This week, we have a story focused a new organization called the North American Forest Partnership. With the goal of full transparency, I want to let you know that I was involved in the development of the partnership as a contractor for the Forest Business Network and for the past eight-plus months as an unpaid volunteer, because I believe the goals of the partnership are laudable.
Matt Blois’ article explores this partnership, and the similarities and differences from other trade or business sectors that develop promotional campaigns. One difference is that it has members who have litigated against each other at times in the past and potentially could again in the future, so there are built-in tensions.
However, the members have come together because they see common ground AND they see that their individual organizations have important values and purposes that serve society through very different methods. A publicly traded timberland company is focused on wood production to meet societal demands for renewable wood products, while publicly owned wilderness areas preclude all harvest and serve society’s needs for wild areas – places that feed the soul, and provide space for natural disturbances such as fire, hurricanes and ice storms to proceed unaltered so we can learn from those processes. Conservation organizations, family forest owners and academics have goals that run the gamut between these. The NAFP recognizes the legitimacy and celebrates all of these different forests.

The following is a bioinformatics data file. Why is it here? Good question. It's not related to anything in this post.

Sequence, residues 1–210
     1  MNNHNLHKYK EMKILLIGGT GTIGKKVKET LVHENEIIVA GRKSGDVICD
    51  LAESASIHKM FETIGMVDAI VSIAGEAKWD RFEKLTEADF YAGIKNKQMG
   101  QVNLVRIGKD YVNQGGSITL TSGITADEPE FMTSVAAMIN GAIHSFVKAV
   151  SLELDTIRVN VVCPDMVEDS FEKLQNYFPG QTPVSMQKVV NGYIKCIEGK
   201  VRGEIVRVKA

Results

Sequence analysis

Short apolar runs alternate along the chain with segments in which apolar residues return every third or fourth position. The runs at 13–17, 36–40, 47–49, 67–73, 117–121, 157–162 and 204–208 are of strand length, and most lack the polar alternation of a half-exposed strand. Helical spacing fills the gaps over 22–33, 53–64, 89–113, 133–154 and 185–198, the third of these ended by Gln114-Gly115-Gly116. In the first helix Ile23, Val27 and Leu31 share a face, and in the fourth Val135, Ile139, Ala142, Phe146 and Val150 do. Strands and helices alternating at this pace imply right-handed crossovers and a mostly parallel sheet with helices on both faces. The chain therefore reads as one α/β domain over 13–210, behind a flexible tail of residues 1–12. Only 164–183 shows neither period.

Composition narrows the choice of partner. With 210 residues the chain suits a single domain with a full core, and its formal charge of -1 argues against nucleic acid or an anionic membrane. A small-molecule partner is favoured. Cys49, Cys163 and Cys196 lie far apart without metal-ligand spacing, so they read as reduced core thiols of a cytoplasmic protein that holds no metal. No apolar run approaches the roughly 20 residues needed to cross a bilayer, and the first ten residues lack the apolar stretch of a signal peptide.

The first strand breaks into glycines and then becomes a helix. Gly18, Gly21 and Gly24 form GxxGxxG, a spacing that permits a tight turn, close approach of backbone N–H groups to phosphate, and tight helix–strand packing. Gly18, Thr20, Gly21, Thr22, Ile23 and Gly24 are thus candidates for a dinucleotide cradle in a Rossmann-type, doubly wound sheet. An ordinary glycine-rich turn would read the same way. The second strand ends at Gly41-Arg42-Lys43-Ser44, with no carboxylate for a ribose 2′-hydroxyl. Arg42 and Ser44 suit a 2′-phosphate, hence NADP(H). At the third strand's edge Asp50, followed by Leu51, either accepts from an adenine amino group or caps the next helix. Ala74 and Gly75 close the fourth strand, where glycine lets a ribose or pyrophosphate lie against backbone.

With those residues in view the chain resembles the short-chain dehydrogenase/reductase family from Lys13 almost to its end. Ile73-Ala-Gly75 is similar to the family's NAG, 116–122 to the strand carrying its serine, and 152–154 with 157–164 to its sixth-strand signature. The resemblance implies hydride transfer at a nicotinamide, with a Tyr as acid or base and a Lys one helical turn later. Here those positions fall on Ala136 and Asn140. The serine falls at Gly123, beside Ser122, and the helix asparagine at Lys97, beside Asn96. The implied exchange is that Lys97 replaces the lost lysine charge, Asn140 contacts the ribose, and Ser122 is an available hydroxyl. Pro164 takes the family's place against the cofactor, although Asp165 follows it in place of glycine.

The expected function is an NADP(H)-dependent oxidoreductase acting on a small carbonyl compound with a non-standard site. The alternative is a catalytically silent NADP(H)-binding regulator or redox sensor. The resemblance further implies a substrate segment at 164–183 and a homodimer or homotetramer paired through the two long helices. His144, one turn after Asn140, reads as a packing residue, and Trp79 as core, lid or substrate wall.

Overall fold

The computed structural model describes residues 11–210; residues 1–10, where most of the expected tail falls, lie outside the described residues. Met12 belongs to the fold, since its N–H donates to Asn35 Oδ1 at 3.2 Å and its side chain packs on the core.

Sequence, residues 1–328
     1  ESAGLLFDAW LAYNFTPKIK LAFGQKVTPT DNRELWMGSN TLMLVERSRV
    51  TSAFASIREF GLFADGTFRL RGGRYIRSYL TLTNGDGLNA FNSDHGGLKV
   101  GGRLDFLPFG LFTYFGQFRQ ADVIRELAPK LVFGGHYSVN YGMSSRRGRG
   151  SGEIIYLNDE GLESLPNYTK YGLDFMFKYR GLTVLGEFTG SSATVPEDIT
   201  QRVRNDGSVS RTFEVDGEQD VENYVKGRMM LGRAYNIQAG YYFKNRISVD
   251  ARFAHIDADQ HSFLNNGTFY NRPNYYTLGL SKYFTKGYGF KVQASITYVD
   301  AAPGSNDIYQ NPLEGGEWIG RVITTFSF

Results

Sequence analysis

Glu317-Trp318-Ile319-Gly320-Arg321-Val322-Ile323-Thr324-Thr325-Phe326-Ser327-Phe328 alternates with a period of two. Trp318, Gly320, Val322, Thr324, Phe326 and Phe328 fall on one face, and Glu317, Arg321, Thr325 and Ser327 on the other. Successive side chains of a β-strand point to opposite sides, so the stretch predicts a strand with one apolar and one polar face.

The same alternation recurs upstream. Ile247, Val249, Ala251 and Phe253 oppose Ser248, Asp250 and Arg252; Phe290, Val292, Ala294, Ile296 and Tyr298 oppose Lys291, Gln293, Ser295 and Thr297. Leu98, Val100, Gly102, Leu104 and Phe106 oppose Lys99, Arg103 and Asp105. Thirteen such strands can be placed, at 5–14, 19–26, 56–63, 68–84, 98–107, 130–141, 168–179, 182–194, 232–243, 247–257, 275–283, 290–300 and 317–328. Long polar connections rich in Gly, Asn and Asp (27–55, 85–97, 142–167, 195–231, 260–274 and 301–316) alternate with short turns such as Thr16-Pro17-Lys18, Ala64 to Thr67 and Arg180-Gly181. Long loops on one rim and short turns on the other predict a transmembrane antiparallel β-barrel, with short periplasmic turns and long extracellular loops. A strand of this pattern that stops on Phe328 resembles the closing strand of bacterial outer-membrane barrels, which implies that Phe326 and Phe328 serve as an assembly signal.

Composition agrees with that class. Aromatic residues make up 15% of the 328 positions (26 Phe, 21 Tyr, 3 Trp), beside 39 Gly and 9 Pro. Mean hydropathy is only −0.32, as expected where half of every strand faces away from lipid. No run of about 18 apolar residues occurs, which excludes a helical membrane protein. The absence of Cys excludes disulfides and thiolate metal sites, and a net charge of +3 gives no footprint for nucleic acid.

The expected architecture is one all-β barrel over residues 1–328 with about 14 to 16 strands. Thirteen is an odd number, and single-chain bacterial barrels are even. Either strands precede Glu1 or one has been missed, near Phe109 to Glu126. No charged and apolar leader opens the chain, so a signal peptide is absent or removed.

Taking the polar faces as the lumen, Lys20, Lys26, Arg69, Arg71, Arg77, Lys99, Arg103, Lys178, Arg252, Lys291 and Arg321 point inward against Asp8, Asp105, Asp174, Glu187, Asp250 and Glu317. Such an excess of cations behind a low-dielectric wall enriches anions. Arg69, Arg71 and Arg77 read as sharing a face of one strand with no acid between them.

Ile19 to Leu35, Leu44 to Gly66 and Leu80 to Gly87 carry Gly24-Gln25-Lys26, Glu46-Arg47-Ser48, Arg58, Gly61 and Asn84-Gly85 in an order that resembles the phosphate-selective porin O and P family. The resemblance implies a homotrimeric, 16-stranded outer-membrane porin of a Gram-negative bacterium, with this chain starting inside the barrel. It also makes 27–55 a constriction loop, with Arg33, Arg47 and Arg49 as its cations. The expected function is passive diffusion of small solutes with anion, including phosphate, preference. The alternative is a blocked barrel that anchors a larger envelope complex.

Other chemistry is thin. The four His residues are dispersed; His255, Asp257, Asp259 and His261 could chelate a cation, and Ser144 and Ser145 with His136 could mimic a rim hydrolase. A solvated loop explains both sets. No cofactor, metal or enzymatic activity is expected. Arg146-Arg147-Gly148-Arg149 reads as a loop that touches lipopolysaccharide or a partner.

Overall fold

Can this partnership achieve its goals of communicating these common values and at times exploring their differences? Only time will tell. We at Treesource think this is an important story that focuses strongly on the social leg of the sustainability stool. Our current capital “P” political world in the United States is polarized and operating in a mode of, “if you’re not with me, you’re against me.” NAFP is attempting to break that mold. [Read more…]